( glenoid ) of the shoulder joint. One of the bicep’s tendons attaches to the top edge of the labrum and it is a common place for tears to occur. SLAP tear is one type of labral tear involving an injury to a top part of the cartilage that protects the socket of the shoulder joint.

SLAP tear symptoms include popping, locking or grinding sensations. There is pain with shoulder movements, shoulder feels weak and range of motion is reduced.

At your appointment, your doctor will ask you about your symptoms, any sports activities which may have caused this. He will examine your shoulder and then order x-rays or a MRI scan to look for the labral tear. There are several types of SLAP tear with different treatments.

SLAP tear treatment includes rest, pain medications, physiotherapy, occasionally cortisone injection. If the pain doesn’t settle after several months of physiotherapy and rest, then your orthopaedic surgeon may recommend to you an arthroscopic labral repair. Following surgery, you will be referred to a shoulder physiotherapist for SLAP rehabilitation exercises. In most cases SLAP tear recovery treatment allows athletes that use their arm for throwing; to return to play around 4 months after surgery.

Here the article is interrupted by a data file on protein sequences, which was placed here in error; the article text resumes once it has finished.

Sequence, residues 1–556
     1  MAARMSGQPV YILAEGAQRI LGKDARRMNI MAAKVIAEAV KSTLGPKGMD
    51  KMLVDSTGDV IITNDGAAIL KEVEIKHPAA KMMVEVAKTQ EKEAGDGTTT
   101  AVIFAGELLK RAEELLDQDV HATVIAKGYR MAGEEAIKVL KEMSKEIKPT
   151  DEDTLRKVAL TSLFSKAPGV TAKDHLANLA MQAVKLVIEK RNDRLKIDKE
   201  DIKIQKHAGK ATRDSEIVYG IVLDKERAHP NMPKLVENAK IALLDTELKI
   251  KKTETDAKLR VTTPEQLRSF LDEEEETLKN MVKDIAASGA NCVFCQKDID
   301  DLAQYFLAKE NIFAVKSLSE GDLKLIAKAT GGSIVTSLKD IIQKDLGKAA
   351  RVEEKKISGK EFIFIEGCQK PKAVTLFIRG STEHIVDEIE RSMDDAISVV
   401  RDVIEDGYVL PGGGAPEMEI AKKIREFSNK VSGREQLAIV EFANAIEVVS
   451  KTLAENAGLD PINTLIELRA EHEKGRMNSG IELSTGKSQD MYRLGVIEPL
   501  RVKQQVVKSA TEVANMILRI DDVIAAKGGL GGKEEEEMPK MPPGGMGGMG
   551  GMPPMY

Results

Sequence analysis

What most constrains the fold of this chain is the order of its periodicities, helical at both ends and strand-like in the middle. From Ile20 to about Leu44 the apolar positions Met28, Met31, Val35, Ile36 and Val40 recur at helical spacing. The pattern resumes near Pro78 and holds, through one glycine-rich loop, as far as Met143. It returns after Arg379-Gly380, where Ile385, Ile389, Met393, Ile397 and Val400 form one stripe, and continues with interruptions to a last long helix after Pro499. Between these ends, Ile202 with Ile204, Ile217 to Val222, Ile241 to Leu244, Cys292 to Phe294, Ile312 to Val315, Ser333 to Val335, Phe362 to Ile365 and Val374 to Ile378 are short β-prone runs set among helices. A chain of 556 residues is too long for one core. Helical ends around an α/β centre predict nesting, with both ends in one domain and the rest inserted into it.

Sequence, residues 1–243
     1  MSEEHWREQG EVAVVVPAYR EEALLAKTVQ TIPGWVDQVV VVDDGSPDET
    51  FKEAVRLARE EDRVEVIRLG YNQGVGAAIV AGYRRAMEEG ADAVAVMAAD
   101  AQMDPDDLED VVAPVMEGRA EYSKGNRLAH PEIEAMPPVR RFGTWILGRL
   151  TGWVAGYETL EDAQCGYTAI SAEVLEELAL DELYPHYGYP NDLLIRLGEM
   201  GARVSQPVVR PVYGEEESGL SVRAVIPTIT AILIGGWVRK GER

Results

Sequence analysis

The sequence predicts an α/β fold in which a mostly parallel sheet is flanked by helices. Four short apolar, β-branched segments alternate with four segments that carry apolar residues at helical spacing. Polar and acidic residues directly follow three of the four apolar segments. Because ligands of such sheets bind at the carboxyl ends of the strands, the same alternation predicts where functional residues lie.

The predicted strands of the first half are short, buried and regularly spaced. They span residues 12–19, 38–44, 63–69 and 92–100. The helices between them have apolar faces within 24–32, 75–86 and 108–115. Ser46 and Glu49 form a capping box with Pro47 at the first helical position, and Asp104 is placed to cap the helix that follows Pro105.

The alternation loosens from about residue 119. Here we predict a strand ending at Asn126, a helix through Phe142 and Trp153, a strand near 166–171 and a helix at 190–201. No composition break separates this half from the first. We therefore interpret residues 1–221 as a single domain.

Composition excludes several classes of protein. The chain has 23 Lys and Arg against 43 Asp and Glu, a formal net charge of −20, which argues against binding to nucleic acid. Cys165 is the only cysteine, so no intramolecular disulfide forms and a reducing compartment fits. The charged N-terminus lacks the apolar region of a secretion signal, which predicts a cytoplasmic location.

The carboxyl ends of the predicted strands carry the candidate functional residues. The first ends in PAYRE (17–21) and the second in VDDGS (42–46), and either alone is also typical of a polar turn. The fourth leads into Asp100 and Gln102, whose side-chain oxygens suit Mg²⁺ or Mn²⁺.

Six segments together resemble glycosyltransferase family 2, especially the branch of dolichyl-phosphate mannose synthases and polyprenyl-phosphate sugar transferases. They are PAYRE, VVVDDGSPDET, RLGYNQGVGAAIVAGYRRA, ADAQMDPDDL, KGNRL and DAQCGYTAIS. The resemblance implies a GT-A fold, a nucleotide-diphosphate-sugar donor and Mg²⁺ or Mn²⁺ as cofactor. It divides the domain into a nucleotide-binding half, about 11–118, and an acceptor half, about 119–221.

Dislocated Shoulder

The shoulder is relatively easy to dislocate while playing sports because it can move in so many directions and is looser than most of the joints in the body. It can dislocate in any direction but most commonly in the forward direction. Shoulder dislocation can result in injury to the labrum, rotator cuff tendons or nerves.

For complete details please see Shoulder Dislocation in the shoulder section.

Shoulder Tendonitis

Tendonitis is a condition that can affect tendons in various locations of the body. It affects specific areas depending on the sports that an athlete plays and are known by various names as for example- tennis elbow, golfers elbow or a jumper’s knee.

In the shoulder, a rotator cuff tendonitis is a very common issue and it happens particularly amongst swimmers, athletes who play throwing sports, older adults or anyone who does the repetitive overhead motion.

For complete details see Arthroscopic Subacromial Decompression in the shoulder section.

Shoulder Bursitis

Shoulder bursitis or subacromial bursitis occurs when the fluid-filled bursa cushioning the shoulder joint becomes inflamed and swollen. Rotator cuff tendonitis is almost always the cause of subacromial bursitis.

Your doctor after taking a history and examination; will refer you for an ultrasound-guided steroid injection and to a physiotherapist. If your shoulder doesn’t respond to the non-operative treatment then your surgeon may recommend arthroscopic subacromial decompression and bursectomy to you.

For complete details see Arthroscopic Subacromial Decompression in the shoulder section.

Pectoralis Major Rupture

Please see Pectoralis Major Rupture under sports injury section.

59 year old female, communited proximal humerus fracture ( unfixable ) – Hemiarthroplasty done